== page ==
Role Differentiation and Lawyers’ Ethics: A Critique of Some Academic Perspectives [formerly titled: Moral Freaks: Lawyers’ Ethics in Academic Perspective]
William H. Simon
Columbia University - Law School; Stanford Law School
May 22, 2010
Georgetown Journal of Legal Ethics, 2010
Columbia Public Law Research Paper No. 09-215
Much recent academic discussion exaggerates the distance between plausible legal ethics and ordinary morality. This essay criticizes three prominent strands of discussion: one drawing on the moral philosophy of personal virtue, one drawing on legal philosophy, and a third drawing on utilitarianism of the law-and-economics variety. The discussion uses as a central reference point the “Mistake-of-Law” scenario in which a lawyer must decide whether to rescue an opposing party from the unjust consequences of his own lawyer’s error. I argue that academic efforts to shore up the professional inclination against rescue are not plausible. I conclude by recommending an older jurisprudential tradition in which legal ethics is more convergent with ordinary morality.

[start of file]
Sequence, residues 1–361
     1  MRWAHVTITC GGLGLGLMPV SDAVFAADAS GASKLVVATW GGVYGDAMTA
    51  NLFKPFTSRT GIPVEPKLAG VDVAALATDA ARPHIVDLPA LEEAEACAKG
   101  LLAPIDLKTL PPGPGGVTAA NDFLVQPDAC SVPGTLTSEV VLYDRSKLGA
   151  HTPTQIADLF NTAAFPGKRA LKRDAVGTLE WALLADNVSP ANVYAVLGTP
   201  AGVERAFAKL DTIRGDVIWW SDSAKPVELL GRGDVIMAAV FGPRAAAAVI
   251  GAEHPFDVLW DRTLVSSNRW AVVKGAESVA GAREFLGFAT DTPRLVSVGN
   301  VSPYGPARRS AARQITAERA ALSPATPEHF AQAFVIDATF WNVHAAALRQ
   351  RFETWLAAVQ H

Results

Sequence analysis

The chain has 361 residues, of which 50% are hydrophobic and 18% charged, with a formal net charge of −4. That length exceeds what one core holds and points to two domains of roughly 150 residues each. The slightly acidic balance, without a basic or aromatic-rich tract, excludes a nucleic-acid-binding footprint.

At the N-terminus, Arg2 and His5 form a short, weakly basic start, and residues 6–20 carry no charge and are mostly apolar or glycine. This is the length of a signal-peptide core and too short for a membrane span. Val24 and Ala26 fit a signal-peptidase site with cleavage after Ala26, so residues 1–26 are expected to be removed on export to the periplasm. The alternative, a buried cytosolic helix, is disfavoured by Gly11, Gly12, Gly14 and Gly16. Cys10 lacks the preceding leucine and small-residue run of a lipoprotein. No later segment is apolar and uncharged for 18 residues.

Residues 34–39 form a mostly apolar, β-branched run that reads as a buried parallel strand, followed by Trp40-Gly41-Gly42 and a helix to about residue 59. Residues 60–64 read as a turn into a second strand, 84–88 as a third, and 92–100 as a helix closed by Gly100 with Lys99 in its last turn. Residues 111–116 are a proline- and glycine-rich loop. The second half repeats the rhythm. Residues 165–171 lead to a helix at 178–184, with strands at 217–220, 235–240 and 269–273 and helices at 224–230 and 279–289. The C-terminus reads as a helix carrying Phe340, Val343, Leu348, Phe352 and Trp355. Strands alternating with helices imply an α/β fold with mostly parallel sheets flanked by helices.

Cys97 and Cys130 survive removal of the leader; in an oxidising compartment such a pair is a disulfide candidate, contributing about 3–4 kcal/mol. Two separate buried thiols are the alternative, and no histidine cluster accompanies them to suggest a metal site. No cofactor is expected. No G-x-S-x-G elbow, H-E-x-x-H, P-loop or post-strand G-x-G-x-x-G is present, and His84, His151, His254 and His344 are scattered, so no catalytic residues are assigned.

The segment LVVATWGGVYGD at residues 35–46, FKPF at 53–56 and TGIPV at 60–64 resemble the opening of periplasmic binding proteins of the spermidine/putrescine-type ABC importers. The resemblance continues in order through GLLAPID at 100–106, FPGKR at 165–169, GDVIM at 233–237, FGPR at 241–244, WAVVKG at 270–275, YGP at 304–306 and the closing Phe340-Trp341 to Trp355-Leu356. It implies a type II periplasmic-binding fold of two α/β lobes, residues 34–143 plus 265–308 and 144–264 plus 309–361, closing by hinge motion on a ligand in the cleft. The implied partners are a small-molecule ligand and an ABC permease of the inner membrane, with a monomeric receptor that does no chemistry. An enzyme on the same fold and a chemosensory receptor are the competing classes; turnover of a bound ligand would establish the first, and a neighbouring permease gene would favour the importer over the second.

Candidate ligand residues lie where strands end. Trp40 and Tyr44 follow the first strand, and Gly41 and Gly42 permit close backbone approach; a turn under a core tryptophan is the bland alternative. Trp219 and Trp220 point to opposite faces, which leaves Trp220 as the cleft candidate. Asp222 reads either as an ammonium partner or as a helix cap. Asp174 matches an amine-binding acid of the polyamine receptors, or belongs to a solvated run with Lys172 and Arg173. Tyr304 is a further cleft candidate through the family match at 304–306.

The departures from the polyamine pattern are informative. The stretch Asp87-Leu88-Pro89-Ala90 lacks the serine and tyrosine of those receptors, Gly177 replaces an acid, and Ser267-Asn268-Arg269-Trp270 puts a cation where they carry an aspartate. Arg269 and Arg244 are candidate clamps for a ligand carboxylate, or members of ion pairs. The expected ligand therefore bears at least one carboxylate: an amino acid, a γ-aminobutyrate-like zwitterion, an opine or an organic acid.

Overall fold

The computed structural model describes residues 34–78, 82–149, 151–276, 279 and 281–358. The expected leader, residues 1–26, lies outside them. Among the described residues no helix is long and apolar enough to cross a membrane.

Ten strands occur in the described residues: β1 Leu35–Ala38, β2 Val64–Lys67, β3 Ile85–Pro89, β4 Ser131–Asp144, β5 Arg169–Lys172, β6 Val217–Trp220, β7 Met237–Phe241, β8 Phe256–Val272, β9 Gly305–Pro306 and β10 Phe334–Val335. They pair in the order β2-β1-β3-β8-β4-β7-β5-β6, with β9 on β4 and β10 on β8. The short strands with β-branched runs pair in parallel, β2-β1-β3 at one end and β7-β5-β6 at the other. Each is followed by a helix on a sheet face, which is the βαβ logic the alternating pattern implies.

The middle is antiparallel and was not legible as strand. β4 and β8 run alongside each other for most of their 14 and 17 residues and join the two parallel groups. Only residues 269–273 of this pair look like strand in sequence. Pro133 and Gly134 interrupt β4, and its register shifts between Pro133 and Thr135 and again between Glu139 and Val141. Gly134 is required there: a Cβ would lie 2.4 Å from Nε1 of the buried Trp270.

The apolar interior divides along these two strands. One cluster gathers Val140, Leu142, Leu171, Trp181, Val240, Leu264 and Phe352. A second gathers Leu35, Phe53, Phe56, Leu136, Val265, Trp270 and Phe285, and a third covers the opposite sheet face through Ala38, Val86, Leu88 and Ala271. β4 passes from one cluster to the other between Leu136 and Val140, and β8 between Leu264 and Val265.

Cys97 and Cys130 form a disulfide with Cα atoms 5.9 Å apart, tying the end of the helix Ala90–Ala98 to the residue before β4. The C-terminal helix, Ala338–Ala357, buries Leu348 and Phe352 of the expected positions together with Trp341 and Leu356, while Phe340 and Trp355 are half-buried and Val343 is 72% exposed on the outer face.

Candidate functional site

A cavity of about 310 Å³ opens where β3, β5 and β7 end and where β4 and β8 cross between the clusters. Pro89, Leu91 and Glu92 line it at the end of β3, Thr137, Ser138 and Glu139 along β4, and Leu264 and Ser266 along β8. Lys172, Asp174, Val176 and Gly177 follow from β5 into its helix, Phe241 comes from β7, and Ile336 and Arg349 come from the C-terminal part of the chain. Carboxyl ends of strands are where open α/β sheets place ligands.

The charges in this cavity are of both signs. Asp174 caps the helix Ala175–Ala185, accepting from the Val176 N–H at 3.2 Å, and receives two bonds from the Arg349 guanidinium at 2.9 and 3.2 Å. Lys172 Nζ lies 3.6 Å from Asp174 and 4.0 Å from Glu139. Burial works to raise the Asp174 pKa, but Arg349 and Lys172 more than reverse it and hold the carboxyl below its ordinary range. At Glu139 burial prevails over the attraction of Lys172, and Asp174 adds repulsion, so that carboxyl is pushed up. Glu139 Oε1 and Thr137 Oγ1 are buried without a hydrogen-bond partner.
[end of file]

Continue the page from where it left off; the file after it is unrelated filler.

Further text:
Number of Pages in PDF File: 25Accepted Paper Series
Date posted: October 31, 2009 ; Last revised: May 27, 2010
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